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The Contribution of Universities to Open Innovation


Collaboration between universities and industry has had a positive impact on technology and science over the years. With the growing number of companies relying on open innovation, the importance of this collaboration is growing

The mobile manufacturing research center is actively involved in open innovation through strategic academic partnerships with leading institutions such as MIT, Stanford and the University. California, etc. The company believes that it creates values ​​and ideas by sharing its expertise and resources. Similarly, the International Business Machine, the Open Collaboration Research Program (OCR), continues to build strong university partnerships to create smarter solutions that are publicly shared.

Recently, collaboration between Aachen University, Germany and 10 companies, and 50 members. The car parts supplier led to the Street Scooter, a $ 7,000 modular electric vehicle. This innovative product can run at speeds of up to 74 mph in a range of 80 miles using leased batteries. This is already a buzz in the automotive industry, as transport and logistics giants have ordered 3,500 units of this commercial product to take advantage of cost savings! A surgical robot developed by Raven II, University of Washington and UC Santa Cruz is another example of open source university industry collaboration. Harvard University, John Hopkins University, etc. One of the most advanced medical research laboratories uses new surgical procedures. These are just a few examples of the importance of university-industry collaboration, which continues to revolutionize technology worldwide.

Involving Universities for Effective Collaboration

While companies are increasingly recognizing value because of their contribution to university research and innovation, finding the best resources is rather difficult. According to Walter Frick, editor of Harvard Business Review, companies need to better control their projects to attract and motivate the most productive players. Recent research by Duke and the London School of Economics showed that with the certification of contributors, the company has a better chance of university collaboration. The findings also indicate that financial or professional incentives were less than the added value the project would bring to the community. Therefore, companies need to find the right incentives to cover external innovation resources.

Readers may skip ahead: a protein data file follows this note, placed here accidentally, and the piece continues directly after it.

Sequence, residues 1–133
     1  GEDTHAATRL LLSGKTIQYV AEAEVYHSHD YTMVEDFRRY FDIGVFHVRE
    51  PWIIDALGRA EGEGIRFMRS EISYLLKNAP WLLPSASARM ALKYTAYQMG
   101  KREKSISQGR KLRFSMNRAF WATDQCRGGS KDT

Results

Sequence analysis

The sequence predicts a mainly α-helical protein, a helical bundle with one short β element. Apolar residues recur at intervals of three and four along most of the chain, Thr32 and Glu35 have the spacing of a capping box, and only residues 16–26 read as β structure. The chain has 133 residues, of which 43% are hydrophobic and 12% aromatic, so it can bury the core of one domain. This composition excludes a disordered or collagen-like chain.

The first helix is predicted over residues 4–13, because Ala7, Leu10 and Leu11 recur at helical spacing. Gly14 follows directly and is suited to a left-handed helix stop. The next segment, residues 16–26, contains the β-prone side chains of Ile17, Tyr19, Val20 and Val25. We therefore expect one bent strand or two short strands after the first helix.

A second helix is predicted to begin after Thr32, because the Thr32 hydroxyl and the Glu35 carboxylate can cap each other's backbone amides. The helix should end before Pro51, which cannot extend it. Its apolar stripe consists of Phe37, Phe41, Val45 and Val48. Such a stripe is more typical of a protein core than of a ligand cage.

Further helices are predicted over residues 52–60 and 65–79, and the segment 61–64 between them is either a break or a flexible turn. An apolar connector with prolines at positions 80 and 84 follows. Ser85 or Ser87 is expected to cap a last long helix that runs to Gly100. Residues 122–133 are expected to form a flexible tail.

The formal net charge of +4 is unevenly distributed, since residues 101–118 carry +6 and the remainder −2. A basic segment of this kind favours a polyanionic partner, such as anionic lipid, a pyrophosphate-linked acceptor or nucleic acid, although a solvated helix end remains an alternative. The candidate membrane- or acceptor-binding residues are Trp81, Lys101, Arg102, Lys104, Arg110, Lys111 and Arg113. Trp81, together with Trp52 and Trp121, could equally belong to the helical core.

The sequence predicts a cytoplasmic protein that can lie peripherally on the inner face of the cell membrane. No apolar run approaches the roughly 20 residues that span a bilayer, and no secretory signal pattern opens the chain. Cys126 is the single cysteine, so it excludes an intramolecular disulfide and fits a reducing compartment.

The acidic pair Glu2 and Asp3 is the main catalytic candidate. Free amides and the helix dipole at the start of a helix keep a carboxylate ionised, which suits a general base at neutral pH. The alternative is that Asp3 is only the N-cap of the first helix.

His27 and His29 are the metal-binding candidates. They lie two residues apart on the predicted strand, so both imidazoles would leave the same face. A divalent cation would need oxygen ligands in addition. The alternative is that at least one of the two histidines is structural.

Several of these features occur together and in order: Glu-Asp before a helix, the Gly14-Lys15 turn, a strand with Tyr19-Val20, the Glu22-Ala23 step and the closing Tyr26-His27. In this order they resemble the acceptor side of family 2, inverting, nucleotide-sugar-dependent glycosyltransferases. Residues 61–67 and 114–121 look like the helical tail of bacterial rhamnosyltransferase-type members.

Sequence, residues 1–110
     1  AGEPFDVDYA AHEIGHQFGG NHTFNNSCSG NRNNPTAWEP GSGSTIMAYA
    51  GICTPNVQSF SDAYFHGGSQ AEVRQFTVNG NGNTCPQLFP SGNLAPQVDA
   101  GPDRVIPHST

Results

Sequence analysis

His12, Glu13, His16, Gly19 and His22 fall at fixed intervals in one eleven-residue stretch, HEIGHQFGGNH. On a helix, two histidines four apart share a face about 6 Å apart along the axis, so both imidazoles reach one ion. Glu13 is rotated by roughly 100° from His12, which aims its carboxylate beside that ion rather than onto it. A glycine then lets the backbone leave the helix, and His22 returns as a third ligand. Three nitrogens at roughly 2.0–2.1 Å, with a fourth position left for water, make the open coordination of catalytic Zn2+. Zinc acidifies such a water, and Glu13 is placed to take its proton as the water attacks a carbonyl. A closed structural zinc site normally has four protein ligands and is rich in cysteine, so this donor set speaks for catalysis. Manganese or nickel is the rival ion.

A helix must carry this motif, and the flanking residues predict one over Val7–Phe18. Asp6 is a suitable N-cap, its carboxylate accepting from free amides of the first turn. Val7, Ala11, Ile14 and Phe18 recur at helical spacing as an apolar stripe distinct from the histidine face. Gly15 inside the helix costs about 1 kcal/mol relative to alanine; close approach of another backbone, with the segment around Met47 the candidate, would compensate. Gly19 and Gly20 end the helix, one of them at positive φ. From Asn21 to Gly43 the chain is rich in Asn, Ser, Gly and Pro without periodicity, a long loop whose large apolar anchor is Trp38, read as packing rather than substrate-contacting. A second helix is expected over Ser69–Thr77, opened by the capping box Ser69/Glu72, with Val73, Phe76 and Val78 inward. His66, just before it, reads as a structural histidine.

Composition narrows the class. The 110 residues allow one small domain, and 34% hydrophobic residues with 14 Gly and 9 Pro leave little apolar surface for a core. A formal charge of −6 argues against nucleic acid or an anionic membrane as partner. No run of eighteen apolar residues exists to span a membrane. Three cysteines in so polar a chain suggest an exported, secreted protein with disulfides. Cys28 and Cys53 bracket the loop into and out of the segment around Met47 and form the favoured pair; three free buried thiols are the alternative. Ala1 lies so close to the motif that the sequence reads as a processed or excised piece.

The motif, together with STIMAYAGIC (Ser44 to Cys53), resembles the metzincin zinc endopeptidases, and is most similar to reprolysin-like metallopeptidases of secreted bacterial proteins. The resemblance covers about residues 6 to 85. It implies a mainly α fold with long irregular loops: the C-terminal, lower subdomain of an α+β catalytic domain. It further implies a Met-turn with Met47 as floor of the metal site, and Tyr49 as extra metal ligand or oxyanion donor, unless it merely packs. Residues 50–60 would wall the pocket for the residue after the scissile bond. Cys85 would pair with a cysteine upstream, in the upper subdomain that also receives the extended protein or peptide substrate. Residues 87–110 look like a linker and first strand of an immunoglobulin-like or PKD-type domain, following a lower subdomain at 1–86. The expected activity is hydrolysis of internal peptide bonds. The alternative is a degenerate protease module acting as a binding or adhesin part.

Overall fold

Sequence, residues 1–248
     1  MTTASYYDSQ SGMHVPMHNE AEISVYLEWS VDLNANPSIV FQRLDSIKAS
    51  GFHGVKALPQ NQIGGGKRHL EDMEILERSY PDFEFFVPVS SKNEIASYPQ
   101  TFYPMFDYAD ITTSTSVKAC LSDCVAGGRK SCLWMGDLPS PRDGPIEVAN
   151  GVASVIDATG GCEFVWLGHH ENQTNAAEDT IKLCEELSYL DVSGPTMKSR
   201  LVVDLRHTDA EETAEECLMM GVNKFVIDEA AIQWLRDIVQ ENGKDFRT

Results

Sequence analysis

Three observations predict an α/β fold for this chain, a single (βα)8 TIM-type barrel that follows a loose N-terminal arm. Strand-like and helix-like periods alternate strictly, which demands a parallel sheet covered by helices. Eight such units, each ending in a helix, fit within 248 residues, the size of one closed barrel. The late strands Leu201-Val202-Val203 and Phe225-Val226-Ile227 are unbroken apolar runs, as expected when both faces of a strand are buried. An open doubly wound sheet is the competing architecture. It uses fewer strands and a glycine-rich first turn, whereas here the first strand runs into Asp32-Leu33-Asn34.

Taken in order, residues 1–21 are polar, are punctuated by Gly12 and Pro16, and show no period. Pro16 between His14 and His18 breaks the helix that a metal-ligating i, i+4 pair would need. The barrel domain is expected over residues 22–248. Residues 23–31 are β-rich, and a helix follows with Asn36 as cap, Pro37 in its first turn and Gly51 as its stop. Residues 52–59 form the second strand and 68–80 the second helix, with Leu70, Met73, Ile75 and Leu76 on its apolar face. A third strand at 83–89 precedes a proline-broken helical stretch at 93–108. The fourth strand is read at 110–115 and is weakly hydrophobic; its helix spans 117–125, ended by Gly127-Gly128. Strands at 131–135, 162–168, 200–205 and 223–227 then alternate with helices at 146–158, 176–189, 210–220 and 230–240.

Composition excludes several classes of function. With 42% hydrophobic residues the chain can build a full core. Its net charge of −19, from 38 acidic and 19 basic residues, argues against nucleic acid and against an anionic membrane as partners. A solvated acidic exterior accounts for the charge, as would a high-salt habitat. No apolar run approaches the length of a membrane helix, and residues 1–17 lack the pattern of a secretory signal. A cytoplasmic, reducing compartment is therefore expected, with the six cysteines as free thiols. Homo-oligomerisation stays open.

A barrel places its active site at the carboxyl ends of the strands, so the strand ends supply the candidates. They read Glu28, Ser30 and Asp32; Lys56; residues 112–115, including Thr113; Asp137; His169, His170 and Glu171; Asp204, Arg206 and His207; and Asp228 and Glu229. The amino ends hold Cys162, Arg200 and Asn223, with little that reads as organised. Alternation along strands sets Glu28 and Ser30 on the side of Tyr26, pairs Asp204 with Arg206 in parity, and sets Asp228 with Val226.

However, challenges such as intellectual property rights, project timeliness and other issues often hinder effective collaboration between industry and universities. So how do we find the perfect balance between attracting potential contributors and creating business value from the innovation process?

Productive Partnerships for Open Innovation

CEOs need to recognize that universities are no longer passive in their technical expertise and research capabilities. They are actively submitting patents and are responsible for breakthrough innovations in different areas. Today, universities receive billions of dollars in government or corporate research sponsorship and support. With cutting-edge technology and special skills at universities, companies need to promote mutually beneficial cooperation. Regardless of whether a new product or software application is being developed, companies need to achieve more to openly allow their software to motivate third-party developers, such as the university. Another important channel actively researched by companies is that they bring together people of the university and the company of common interest on a common platform.

Involvement of University Partnerships

Although business challenges arise when there are many challenges in working with universities, they can easily be solved by adopting a cooperation strategy instead of an ad-hoc approach. Universities not only have the talent pool and expertise, but are also better at research activities. On the other hand, industries have the financial resources and opportunities that universities can gain. That is why industries and universities are mutually beneficial in promoting effective cooperation and in managing open innovation. Establishing university relationships is indeed the way forward for companies to innovate in progressive technological capabilities.

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